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While New Jersey revenues are down due to the coronavirus-induced economic downturn, state officials shouldn’t count on taxes from legal recreational marijuana to make up the gap, according to a new study.
The report by the Pew Charitable Trusts said the amount of weed revenue is too unpredictable and could vary from year to year based a number of different trends.
“What we emphasize is that the revenues are pretty unpredictable,” said the report’s co-author, Alex Zhang, a research officer with Pew’s state fiscal health project. “If the intention of policy makers is to use it for ongoing programs, they need to be cautious about relying on it too heavily.”
New Jersey voters last month approved a constitutional amendment to legalize marijuana for recreational use. Legislation to enable marijuana sales and decriminalize weed is expected to pass the state Legislature next week. Fourteen other states and the District of Columbia have legalized cannabis for recreational use.
State marijuana taxes eventually could bring in as much as $450 million, according to estimates by Gov. Phil Murphy’s administration.
But there are no assurances, Zhang said.
“It so far has a track record of bringing in revenue but in the long term, we just don’t know how it’s going to perform,” Zhang said. “It’s highly dependent on consumer preferences and consumer whims.”
Unlike tobacco and alcohol taxes, there is not a lot of data on marijuana revenues in states that have legalized the drug, Zhang said.
“Policymakers can hedge against the uncertainty and volatility of marijuana revenue by budgeting it cautiously,” the report said. “They can put the money toward savings, for example, or spend it after it is collected. If states are considering using the funds for ongoing spending priorities that require sustainable revenue streams, they should be careful about relying too heavily on marijuana taxes.”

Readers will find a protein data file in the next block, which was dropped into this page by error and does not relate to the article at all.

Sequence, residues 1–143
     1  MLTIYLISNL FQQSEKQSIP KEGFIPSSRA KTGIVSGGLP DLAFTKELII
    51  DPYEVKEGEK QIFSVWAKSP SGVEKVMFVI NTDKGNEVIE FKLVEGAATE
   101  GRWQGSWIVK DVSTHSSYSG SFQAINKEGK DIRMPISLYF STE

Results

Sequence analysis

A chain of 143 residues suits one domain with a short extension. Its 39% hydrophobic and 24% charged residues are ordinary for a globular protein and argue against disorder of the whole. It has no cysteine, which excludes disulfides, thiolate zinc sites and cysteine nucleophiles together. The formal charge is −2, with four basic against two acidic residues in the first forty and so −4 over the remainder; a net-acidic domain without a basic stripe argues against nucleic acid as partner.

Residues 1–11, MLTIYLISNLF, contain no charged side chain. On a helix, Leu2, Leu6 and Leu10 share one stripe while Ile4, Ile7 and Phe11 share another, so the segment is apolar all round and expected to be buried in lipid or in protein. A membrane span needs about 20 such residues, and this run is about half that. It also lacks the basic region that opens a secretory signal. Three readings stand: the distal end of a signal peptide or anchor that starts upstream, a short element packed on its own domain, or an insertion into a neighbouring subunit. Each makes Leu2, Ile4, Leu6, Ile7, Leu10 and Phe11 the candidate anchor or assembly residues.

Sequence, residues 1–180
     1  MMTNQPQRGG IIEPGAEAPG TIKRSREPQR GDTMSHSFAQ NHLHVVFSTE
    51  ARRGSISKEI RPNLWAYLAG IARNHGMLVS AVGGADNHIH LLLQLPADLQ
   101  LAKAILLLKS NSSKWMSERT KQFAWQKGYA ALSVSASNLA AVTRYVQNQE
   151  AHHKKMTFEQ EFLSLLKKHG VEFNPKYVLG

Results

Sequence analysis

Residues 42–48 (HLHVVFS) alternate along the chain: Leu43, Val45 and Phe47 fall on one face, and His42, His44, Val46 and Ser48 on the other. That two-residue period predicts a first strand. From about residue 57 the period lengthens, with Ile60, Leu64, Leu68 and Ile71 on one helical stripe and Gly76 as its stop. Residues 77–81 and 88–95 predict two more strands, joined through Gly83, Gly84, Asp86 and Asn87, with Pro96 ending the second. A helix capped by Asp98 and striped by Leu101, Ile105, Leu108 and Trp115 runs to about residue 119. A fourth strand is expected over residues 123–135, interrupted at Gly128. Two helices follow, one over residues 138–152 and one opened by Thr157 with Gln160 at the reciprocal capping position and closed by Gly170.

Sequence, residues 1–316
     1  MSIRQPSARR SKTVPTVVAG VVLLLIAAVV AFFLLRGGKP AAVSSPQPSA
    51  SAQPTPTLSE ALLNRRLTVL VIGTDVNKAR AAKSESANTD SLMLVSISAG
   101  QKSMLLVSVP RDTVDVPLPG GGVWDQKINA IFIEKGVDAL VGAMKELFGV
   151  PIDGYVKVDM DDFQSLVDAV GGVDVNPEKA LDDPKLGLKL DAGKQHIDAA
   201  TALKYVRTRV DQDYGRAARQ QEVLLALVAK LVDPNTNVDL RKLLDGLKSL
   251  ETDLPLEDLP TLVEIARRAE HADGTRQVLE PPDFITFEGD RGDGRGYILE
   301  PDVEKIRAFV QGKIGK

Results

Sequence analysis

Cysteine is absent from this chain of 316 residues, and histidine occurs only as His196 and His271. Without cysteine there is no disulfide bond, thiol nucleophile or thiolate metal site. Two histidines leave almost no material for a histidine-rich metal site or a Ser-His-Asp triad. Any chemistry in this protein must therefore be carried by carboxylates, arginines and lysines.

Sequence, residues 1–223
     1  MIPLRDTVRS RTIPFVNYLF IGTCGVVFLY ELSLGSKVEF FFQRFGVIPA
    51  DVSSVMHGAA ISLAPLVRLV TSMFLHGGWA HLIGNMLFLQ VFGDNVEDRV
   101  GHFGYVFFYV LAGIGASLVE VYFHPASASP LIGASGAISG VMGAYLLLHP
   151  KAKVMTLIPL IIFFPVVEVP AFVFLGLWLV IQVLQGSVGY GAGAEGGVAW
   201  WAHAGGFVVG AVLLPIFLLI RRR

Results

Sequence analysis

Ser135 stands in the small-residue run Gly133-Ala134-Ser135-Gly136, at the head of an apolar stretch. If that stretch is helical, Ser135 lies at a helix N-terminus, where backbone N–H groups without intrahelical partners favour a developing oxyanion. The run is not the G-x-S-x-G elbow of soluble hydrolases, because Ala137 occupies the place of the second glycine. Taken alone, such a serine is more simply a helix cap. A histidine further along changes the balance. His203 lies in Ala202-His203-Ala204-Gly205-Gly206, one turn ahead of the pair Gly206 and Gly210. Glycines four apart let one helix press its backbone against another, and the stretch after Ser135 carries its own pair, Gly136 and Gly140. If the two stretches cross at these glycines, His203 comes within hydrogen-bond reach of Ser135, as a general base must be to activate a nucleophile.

That’s what New Jersey plans to do. None of the marijuana revenues are earmarked for the state’s general fund under the legislation authorizing New Jersey’s legal recreational cannabis program. Municipalities, though, could impose their own 2% tax and spend the revenues as they wish.
On a state level, the measure allocates 70% of the state sales tax revenue and all the revenue from an excise tax on marijuana growers to help minority communities hard hit by the war on drugs.
The other 30% of sales tax revenue would fund police department programs to train drug recognition experts and for the upcoming Cannabis Regulatory Commission.
One variable affecting how much revenue states will receive will be if there is any marijuana tourism, where visitors come to a state primarily to partake of legal weed.
And there is no data to predict how much revenue marijuana sales will bring in during an economic downturn, Zhang said.
There’s also the sweet spot in levying cannabis taxes.
“The higher the taxes, the more revenue you will bring in but it may make the legal market less competitive with the black market,” Zhang said.
When states raised cigarette taxes, for examples, that had the effect of reducing tobacco consumption and lowering revenues.
And while New Jersey is ahead of its neighbors in legalizing cannabis for recreational use, the state also had a monopoly on casino gambling but lost that as New York, Pennsylvania and Delaware all opened casinos, hurting Atlantic City to the point where several gaming halls shut down.
New Jersey’s so-called sin taxes — alcohol, tobacco and gambling — accounted for 4.8% of the state’s revenues in 2015, 21st among the 50 states, according to Pew.
Jonathan D. Salant may be reached at firstname.lastname@example.org. Follow him on Twitter @JDSalant.
Amanda Hoover may be reached at email@example.com. Follow her on Twitter @amandahoovernj.
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